Although Australia’s main associations for tech professionals have been supportive of the much expected boost for the digital and IT sector, deemed as one of the key sectors to build the future nation’s global competitiveness, the associations have stressed there is still more to do when it comes to the nation’s digital needs.
The Australian Computer Society (ACS) has welcomed the outcomes of the Jobs and Skills Summit, held in September, which included the increased allocation of 6,800 technology workers to the skilled migrant program, but said the industry “must look beyond skilled migration to meet the nation’s technology workforce needs” and immigration should be only viewed as a part of addressing the problem.
According to ACS, attracting more young Australians into the sector and creating opportunities to help workers acquire digital skills, while building the infrastructure to enable regional Australia to participate in the ‘connected global economy’ and diversity boost, should be of equal importance when addressing the issue.
Following this, ACS also stressed that greater diversity across the sector was needed, in particular with regards to bringing in more women who were an under-represented group in the tech workforce.
Although the Government’s set a target of creating 1.2 million tech-related jobs by 2030, the ACS estimates indicated the tech workforce would continue to grow strongly, with over 1.2 million workers employed by the sector by 2027.
“The technology sector will be one of the key employers delivering well-paid, secure jobs to Australians while also ensuring the nation’s industries are globally competitive and can meet today’s and tomorrow’s sustainability, environmental and economic challenges,” ACS chief executive, Chris Vein, said.
He also confirmed that the discussion around the future of the Australian workforce and the importance of boosting IT education, vocational training and diversity in the tech sector and across the wider workforce was needed, however Vein said that, according to him, the role of the sector was under-estimated during the summit.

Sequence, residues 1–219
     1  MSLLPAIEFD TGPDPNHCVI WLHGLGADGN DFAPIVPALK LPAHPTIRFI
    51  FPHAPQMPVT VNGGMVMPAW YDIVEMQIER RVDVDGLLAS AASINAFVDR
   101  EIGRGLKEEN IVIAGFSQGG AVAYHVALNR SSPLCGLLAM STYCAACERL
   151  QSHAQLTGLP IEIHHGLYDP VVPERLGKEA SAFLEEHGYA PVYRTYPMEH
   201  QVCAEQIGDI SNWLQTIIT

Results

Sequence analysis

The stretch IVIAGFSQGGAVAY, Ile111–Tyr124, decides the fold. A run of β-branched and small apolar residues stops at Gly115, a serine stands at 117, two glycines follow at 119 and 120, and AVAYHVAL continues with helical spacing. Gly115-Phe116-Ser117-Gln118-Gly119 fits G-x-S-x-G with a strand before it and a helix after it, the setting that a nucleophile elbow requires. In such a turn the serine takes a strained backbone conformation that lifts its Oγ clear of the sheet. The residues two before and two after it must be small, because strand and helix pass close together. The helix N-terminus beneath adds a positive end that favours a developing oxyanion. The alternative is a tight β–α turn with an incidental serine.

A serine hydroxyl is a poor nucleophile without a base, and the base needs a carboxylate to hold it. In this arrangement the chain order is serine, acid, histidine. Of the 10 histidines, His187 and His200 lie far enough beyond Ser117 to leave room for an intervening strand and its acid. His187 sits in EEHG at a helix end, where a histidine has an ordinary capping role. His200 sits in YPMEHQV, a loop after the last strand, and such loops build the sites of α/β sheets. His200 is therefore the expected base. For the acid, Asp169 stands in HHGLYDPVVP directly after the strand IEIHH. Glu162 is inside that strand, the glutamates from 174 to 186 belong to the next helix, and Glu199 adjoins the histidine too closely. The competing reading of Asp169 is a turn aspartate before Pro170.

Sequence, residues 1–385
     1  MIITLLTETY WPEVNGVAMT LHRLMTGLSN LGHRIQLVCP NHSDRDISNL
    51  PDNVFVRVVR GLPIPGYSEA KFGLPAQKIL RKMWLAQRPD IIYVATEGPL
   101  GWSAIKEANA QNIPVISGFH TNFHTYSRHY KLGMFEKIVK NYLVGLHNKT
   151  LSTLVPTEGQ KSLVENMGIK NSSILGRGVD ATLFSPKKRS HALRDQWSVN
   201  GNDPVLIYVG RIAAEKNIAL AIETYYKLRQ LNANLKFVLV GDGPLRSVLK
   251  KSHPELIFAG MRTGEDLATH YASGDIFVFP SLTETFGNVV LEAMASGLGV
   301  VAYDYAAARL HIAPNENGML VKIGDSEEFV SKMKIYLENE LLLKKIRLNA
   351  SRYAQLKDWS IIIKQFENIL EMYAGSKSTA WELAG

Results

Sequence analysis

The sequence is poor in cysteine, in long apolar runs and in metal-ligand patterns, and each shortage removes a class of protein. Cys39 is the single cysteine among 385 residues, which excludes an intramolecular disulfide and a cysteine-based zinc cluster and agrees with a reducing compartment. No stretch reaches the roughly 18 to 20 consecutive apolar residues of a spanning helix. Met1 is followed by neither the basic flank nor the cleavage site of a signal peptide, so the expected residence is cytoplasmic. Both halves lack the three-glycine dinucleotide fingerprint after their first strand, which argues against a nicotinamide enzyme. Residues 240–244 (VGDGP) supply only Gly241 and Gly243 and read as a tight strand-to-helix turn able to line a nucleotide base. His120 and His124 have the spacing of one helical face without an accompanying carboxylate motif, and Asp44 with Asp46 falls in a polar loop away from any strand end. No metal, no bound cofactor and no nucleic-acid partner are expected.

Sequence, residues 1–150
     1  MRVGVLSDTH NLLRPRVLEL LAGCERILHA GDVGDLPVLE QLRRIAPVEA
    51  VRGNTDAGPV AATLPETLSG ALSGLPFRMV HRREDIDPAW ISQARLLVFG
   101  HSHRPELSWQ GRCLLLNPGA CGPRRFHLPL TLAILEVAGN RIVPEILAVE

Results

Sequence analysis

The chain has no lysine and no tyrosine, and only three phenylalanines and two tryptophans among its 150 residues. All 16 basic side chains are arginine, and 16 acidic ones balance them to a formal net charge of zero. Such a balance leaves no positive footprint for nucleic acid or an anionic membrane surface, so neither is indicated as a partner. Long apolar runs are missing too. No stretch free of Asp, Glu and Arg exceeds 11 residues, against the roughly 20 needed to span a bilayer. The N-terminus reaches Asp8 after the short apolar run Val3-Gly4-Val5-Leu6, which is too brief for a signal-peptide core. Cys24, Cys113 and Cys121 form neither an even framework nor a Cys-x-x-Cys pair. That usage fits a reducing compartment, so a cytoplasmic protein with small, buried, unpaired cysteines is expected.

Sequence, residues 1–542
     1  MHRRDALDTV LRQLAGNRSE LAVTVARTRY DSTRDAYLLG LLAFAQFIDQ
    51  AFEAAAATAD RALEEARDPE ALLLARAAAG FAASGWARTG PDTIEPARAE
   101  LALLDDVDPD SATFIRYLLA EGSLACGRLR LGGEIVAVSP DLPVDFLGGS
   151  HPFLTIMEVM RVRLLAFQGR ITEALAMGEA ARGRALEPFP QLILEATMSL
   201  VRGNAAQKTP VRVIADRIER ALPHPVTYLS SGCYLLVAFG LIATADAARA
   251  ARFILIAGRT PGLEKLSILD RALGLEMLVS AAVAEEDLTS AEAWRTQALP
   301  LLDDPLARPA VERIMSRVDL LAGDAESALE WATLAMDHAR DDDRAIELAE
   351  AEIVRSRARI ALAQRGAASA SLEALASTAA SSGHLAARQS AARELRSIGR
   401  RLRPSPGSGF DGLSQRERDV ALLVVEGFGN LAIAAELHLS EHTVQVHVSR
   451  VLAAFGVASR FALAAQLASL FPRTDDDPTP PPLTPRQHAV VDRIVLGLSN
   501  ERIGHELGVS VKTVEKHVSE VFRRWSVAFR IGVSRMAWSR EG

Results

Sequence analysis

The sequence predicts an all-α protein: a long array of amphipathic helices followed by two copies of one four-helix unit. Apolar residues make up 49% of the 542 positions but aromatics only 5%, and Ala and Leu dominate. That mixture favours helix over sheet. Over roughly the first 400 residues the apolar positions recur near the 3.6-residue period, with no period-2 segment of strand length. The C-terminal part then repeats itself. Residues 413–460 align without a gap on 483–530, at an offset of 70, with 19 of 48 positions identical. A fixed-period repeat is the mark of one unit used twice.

“Sadly, the critical role the technology sector will play in delivering a prosperous and sustainable future for Australia seems to be under-estimated by the Government with only four of the 149 seats at the summit being allocated to industry representatives, despite being the nation’s seventh largest employer with over 870,000 Australians employed in the sector,” Vein stressed.
On the other hand, the Tech Council of Australia (TCA) described the summit outcomes as “concrete progress towards achieving the Australian Government and the TCA’s shared commitment to 1.2 million tech jobs by 2030”.
In August, TCA and the Australian Council of Trade Unions (ACTU) entered into an agreement on ‘a set of principles’ to support employment growth and skills development in the digital and technology fields across the economy and endorsed the Government’s commitment to increase tech jobs over the next few years.
Commenting further on the outcomes, TCA welcomed, in particular, the measures which included the Digital and Tech Skills Compact to deliver digital apprenticeships, migration changes, the Government’s endorsement of a free national virtual work experience program for secondary school students and steps increasing the economic participation of women.
Scott Farquhar, board member TCA, co-chief executive and co-founder Atlassian, said: “There’s a strong signal that tech adoption is crucial to Australia’s future. High paid, export jobs. This industry reduces income inequality, reduces gaps between rich and poor, provides jobs for people with disabilities and for those in regional Australia. The last two days have proven that others see the opportunity too.”
Following the summit, the Minister for Industry and Science, Ed Husic, identified “two areas of work on which to focus his portfolio” which included investments in skills development and widening the talent pipeline into science and technology to ensure the inclusion of a “a broad range of skills from across Australian population”.
“Straight out of the blocks, we have two pathways to develop. First, we need to deepen the work started on investing in skills development,” minister said.
“We’ve seen some great headway here with Atlassian announcing a commitment to a thousand additional jobs in research and development.
“For the tech sector, it is vital that it starts to look like modern Australia to unlock value across the economy.
The Federal Government has announced support for a Digital and Tech Skills compact between government, unions and technology employers agreed at the Jobs and Skills Summit.
The Jobs and Skills Summit agreement will also establish a working group with broad representation from industry, unions and the training system. The working group, to be established jointly by Minster Husic and Minister O’Connor, will develop proposals, including for the White Paper process established by the Summit.
“We have made it clear that the Jobs and Skills Summit is the just start of a process to re-equip Australians with the skills we need. This compact will help us get on with that work,” Minister Husic said.
As a part of improving access to jobs and training pathways for women, First Nations people, regional Australians and culturally and linguistically diverse people, the Government has also committed, as a direct outcome of the Jobs and Skills Summit, to creating 1,000 digital apprenticeships over four years to build capability in digital or technology related fields in the Australian Public Service (APC).